When a Sim has been afflicted by the mummy's curse for about a week, the screen becomes surrounded by a strange sort of glow whenever said Sim is selected. Let another week pass, and the edges of your screen will dim to black every few seconds. Your Sim's vision blurring and clouding over as they slowly die, perhaps?
If a Sim dies before they turn their imaginary friend real, the imaginary friend doesn't die with them. They remain wandering around the lot, and then fade out once you select another Sim to control. Just like they did before their Sim died. Does that mean that imaginary friends can't ever die? Do they wander around endlessly among the grieving family members, unable to communicate without their Sim to talk to?Forever?
In Late Night/Supernatural: to keep Sims T Rated, vampires will drink plasma, the Sim equivalent of blood. While this isn't too bad on its own, notice that plasma is available in the quick meal section of the fridge. Did we mention you never run out of quick meals? So essentially, your Sims keep an infinite supply of Sim blood in their fridges at all times.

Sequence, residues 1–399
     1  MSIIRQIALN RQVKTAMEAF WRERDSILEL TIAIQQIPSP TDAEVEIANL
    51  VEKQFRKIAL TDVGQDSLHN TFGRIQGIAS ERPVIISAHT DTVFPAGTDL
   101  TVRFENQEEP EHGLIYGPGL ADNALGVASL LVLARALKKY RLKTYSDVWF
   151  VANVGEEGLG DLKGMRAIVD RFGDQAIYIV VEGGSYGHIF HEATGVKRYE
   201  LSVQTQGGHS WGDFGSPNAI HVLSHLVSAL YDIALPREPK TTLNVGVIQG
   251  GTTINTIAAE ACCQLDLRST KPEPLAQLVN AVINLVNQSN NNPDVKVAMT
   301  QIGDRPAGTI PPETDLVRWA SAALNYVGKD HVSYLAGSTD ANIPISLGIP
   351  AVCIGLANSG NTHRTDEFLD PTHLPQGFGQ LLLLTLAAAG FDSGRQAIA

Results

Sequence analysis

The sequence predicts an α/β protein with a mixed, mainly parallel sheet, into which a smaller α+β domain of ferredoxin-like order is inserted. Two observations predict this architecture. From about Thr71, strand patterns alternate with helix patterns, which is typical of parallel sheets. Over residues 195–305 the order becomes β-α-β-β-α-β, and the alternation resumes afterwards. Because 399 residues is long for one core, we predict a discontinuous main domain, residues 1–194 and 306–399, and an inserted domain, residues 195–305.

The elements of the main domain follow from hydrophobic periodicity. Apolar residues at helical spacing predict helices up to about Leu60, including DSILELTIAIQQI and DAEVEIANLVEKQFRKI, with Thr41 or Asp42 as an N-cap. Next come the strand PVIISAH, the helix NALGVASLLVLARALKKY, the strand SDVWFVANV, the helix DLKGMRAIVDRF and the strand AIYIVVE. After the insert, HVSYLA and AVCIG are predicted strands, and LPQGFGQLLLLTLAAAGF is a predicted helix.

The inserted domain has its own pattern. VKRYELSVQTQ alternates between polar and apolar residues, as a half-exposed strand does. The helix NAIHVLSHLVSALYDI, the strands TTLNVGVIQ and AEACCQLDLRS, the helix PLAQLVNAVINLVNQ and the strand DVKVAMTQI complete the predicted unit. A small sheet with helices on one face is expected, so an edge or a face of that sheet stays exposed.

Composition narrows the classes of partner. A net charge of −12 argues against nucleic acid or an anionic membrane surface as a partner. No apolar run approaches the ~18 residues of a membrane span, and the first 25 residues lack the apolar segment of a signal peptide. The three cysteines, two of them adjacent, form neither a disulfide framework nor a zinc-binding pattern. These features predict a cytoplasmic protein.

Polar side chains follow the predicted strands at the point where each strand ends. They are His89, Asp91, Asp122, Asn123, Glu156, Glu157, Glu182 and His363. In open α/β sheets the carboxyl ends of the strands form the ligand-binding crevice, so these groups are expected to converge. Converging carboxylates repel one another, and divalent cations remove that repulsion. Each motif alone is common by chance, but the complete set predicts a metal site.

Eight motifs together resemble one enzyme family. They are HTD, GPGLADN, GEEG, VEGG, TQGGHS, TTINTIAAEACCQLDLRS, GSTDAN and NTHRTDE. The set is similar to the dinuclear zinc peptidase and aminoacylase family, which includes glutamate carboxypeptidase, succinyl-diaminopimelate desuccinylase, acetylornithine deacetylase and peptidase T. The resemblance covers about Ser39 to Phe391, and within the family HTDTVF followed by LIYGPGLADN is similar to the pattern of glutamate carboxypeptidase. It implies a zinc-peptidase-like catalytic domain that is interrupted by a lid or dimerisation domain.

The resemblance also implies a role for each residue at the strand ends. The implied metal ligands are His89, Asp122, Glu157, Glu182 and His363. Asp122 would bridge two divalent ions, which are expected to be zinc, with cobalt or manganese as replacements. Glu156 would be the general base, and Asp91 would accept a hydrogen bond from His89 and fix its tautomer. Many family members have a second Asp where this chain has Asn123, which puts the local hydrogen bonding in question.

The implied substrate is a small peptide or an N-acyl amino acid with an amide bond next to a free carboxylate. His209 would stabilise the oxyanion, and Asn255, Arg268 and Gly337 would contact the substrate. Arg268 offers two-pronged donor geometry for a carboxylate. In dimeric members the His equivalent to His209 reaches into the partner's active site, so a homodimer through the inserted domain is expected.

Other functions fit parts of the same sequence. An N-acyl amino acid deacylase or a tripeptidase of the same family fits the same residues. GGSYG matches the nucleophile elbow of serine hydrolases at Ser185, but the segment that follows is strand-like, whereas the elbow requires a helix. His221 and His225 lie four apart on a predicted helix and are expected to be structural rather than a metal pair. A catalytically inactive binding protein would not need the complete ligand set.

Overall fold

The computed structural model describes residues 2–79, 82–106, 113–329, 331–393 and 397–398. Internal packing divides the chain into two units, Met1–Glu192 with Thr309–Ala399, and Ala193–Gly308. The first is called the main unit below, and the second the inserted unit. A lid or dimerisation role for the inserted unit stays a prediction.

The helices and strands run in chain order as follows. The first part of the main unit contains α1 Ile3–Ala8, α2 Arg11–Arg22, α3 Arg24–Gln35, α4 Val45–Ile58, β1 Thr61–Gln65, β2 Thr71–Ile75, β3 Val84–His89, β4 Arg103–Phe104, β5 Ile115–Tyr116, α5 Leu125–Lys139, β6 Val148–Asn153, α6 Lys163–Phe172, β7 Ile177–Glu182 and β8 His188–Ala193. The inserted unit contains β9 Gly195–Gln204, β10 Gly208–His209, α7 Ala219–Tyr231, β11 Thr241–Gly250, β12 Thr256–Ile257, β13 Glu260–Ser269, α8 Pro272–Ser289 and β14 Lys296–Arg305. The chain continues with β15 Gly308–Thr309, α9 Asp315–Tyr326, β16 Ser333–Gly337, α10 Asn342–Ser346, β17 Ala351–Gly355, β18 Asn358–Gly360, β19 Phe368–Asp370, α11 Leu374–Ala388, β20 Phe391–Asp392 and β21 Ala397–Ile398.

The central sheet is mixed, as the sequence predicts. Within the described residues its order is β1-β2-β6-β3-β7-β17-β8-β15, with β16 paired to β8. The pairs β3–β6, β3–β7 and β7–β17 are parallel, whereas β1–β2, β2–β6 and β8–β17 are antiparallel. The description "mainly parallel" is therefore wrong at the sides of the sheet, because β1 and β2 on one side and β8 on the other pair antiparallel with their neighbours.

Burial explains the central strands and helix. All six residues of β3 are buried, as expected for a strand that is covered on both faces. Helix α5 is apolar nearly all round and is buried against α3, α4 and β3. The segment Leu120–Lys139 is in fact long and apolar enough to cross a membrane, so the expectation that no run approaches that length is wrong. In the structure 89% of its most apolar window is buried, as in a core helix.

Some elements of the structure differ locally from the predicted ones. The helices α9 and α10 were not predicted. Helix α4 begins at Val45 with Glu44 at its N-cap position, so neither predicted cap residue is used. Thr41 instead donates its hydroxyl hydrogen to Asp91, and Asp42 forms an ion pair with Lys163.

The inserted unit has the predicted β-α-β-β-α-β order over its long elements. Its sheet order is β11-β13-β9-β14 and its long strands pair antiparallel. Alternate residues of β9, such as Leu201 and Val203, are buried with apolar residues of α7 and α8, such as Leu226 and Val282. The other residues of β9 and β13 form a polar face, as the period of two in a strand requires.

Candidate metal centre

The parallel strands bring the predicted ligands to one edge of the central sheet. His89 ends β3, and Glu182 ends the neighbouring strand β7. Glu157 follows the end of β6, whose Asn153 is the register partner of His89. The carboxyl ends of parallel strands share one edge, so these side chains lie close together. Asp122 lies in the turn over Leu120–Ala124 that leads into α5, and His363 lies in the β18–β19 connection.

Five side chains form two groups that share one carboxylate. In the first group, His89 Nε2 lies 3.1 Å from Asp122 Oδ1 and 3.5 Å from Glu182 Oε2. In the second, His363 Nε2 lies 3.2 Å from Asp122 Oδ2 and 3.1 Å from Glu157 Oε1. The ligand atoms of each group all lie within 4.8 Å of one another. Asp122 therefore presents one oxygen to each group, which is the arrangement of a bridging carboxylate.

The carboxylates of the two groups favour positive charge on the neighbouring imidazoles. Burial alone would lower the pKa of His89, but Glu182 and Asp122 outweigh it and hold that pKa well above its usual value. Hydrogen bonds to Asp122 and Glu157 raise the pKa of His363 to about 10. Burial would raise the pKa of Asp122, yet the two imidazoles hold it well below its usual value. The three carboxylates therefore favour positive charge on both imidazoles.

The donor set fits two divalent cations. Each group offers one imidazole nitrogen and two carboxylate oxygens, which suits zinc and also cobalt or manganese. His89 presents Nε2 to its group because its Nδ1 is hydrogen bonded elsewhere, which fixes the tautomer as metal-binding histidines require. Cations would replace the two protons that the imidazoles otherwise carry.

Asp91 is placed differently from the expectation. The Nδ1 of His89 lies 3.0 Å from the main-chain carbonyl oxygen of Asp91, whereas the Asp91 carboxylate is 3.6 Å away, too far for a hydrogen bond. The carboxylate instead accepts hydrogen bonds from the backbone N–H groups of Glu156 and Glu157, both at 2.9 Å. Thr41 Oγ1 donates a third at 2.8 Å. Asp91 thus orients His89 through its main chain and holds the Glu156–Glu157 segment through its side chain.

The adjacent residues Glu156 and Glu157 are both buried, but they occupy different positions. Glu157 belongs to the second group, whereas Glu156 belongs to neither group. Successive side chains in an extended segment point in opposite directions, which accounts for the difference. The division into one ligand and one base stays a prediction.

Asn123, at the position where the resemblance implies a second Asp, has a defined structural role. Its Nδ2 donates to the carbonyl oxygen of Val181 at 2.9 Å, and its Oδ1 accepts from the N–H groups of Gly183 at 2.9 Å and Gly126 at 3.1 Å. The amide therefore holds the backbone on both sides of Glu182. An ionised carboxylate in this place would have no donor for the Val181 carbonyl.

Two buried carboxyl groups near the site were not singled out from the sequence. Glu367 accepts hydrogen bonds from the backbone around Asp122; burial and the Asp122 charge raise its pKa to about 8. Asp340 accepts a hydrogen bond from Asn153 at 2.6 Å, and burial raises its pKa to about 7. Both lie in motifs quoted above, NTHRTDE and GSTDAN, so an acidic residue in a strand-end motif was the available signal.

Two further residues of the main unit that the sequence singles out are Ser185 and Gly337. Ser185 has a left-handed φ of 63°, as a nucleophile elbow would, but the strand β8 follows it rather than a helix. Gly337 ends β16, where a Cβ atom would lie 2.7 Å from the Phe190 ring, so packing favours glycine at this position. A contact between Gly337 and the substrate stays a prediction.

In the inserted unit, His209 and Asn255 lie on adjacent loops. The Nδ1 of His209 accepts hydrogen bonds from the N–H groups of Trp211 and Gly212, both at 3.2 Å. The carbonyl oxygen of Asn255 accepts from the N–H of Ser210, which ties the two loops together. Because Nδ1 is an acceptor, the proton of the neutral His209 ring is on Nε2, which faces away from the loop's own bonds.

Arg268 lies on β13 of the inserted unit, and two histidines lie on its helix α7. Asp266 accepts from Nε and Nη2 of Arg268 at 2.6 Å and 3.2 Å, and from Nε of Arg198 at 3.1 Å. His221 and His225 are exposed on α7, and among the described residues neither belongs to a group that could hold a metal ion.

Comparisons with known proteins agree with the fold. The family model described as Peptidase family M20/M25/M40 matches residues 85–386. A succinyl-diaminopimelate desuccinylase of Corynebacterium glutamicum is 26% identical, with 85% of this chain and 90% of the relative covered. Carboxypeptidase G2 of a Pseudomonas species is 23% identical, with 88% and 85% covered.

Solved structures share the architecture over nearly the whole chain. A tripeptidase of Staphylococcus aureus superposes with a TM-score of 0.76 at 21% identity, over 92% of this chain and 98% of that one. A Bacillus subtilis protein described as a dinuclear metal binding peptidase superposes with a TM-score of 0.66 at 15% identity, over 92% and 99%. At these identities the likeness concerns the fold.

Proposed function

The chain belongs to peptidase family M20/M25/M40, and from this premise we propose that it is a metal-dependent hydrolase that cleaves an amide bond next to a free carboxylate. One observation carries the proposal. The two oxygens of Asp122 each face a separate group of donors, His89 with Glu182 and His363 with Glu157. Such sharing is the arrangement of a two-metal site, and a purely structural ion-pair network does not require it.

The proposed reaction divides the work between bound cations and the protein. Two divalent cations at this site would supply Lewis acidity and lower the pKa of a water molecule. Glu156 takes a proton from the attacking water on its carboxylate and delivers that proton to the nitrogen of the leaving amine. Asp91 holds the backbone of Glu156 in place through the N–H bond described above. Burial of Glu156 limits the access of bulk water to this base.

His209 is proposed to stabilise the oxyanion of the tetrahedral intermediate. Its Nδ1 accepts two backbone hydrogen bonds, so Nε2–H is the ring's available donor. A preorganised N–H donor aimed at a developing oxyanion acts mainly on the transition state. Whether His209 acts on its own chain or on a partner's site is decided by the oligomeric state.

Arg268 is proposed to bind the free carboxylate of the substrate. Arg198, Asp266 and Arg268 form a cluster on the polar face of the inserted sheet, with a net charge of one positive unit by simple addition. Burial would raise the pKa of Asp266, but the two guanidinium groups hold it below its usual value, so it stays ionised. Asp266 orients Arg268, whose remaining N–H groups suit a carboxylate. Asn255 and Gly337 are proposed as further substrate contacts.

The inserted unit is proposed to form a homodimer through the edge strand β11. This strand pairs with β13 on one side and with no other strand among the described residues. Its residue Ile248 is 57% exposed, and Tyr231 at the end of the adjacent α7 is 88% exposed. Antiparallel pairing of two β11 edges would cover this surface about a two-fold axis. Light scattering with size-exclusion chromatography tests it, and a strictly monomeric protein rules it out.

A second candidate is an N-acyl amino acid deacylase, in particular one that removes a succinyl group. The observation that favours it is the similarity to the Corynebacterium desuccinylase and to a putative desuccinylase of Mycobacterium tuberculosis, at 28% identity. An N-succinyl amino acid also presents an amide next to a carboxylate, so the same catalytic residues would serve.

Cheaply produced plasma fruit juice, not exactly the most tasty thing on the Sims menu but serves its purpose. Just don't drink it if you are a regular Sim without an enhanced immune system.
Most of the fanbase considers the plasma juice Sims get from the fridge to be the Sim equivalent of TruBlood, whereas the plasma vampires get from Sims is real blood.
The ghosts of Sims that have died from hunger have little speech bubbles about it the same way alive Sims do. Does that mean they're always as hungry as they were when they died?
Starting a Hunger ghost sim in Supernatural reveals that— yes, their Hunger bar is extremely low. With NPC ghosts? Constantly.
That is just scratching the surface. By this logic, the ghosts who drown are always suffocating, and the electrocuted feel... whatever you feel when you get electrocuted. Being a ghost in the Sim World, at least one who died of anything but old age, is basically a fate worse thanCessation of Existence.